A position such as this has become increasingly difficult to maintain, given that the interdisciplinary paradigm is being replaced with a transdisciplinarity developed from a reflection on the isomorphisms between different domains of knowledge. In such a perspective the trans-disciplinary hypothesis – how it has been developed, for example, in the "moral project of CIRET (Centre International de Recherches et Études Transdisciplinaires) in 1987 – would suit the establishment of an inclusive field of studies where popular music is integrated, «permitting the emergence of unity amidst diversity and diversity through unity. Its objective is to lay bare the nature and characteristics of this flow of information and its principal task is the elaboration of a new language, a new logic, and new concepts to permit the emergence of a real dialogue between specialists in different domains of knowledge».[6] According to Serge Lacasse this shift has sparked off a series of centripetal movements whose final result is the definition of a field of studies based on new premises, closely connected with the needs and directions of current orientation in various disciplines [2015]. In searching for this trans- (or inter-)disciplinary framework, it is still important to insist on the need for technical and analytical knowledge (involving not only music theory, but also knowledge of sound production techniques and listening technologies, for example) as the cornerstone of a discourse that is at once epistemologically grounded and capable to have a truly critical function.


The mobility of the pop text and its transformations in the digital era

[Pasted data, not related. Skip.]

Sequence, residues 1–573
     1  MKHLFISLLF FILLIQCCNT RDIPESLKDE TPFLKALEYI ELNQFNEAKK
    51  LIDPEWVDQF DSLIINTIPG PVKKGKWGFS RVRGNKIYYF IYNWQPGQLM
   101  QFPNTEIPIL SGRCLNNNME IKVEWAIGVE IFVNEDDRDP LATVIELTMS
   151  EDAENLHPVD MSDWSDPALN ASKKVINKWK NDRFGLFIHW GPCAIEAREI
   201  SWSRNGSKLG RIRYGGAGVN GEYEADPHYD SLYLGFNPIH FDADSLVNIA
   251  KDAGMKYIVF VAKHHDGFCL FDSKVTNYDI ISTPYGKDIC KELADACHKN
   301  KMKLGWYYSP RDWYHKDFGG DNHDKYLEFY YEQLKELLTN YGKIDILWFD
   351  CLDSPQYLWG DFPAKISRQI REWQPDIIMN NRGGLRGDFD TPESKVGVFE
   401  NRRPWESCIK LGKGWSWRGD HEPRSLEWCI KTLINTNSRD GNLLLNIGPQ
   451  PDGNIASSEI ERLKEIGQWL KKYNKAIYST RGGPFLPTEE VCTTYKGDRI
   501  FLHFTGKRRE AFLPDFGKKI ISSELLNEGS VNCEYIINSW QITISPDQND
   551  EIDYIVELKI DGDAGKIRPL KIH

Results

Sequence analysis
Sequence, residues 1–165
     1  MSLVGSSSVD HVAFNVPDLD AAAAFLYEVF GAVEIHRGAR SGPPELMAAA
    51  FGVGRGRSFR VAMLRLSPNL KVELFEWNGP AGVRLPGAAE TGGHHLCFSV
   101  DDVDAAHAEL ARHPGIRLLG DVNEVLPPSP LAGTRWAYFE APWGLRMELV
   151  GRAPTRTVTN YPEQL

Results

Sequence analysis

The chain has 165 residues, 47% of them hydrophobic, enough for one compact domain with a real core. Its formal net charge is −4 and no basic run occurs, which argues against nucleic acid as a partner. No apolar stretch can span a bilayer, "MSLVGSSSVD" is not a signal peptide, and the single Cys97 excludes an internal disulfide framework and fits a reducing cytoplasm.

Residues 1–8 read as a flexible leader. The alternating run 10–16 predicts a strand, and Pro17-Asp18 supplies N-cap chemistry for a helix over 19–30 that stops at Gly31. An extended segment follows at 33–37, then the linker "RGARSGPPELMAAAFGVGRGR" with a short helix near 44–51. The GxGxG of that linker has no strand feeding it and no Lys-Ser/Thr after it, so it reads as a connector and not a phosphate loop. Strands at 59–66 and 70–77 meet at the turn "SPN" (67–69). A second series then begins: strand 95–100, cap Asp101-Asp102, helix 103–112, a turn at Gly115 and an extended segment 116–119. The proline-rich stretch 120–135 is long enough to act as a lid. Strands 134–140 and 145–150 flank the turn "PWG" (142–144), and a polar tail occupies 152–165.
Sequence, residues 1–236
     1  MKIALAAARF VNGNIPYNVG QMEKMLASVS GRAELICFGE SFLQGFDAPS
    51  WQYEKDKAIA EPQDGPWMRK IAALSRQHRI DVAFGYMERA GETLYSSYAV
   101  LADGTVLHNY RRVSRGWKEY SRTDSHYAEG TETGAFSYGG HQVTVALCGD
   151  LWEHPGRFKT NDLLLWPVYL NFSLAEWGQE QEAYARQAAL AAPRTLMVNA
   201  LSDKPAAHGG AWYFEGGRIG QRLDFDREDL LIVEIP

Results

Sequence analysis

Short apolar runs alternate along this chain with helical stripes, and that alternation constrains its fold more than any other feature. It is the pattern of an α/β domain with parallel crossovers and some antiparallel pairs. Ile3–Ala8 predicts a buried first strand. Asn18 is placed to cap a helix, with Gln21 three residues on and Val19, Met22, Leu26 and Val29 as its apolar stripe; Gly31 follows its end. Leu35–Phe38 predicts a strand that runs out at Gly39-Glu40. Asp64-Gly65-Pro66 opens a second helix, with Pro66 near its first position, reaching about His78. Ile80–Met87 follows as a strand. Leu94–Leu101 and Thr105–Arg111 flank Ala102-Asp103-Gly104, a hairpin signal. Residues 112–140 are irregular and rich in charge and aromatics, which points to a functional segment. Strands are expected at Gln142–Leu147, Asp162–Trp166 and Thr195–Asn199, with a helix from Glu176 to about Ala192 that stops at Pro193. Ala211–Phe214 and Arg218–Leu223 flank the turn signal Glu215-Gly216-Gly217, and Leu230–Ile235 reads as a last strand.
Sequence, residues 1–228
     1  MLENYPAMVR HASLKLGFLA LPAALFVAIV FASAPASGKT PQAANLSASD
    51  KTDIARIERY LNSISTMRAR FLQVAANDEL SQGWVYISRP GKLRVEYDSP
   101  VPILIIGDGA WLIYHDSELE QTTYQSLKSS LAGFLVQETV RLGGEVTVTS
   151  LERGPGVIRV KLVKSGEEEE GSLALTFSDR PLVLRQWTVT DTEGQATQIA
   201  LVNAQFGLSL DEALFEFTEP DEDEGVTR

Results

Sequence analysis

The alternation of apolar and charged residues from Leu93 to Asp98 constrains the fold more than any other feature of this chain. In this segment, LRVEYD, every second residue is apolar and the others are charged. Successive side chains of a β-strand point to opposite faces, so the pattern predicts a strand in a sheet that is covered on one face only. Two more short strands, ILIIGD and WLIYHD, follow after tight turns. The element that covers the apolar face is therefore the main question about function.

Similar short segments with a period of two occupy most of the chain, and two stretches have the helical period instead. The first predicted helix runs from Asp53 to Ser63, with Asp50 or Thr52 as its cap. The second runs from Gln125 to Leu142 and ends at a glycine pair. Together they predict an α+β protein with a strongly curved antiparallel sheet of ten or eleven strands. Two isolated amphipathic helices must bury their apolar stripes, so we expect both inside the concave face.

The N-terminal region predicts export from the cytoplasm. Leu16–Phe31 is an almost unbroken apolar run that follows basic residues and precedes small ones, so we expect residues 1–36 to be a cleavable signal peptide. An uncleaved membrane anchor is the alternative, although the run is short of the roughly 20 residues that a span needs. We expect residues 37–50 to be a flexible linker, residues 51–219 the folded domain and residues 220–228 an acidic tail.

Among the various questions one must face when attempting to assign popular music studies a specific place among academic disciplines, one in particular derives from the multifaceted nature of the "text" in these musical practices, and the status given to the former according to the point of view from which we observe it. In his introduction to the edited collection of essays Reading Pop, Richard Middleton summarised the main issues surrounding the topic in the following terms: «pop’s mode of existence (dizzying chains of replications and textual relations; ubiquitous dissemination; production processes and reception contexts characterised by multimedia messages) does indeed render the idea of the bounded, originary text and single auteur outmoded» [2000, 8]. The ensuing vision of cultural objects acknowledges their status as a catalyst for a multi-layered set of relations: within a reference community, inside the specific social context in which they are produced and received, and in the industrial system that transforms the material traces recorded by musicians into objects intended to be reproduced on a mass scale. Thanks to its performative origins and its particular "mode of existence", popular music shares with performance art an ontological status that one might describe as "viral", in which «a given performance […] splinters, mutates, and multiplies over time in the hands of various critical constituencies in a variety of media, to yield a body of critical work that extends the primary act of the performance in the indefinite future through reproduction» [Bedford 2012]. A context such as this, widening the concept and status of the text above and beyond the boundaries of a physical object and an authorship no more tied to a specific individual, calls for approaches that integrate text and context in a collective but unitary entity whose effect is to give origin, from a historiographic point of view, to «a synchronic text of a socio-cultural moment rather than to emphasize a diachronic unfolding of autonomous works» [Brackett 2000, 18].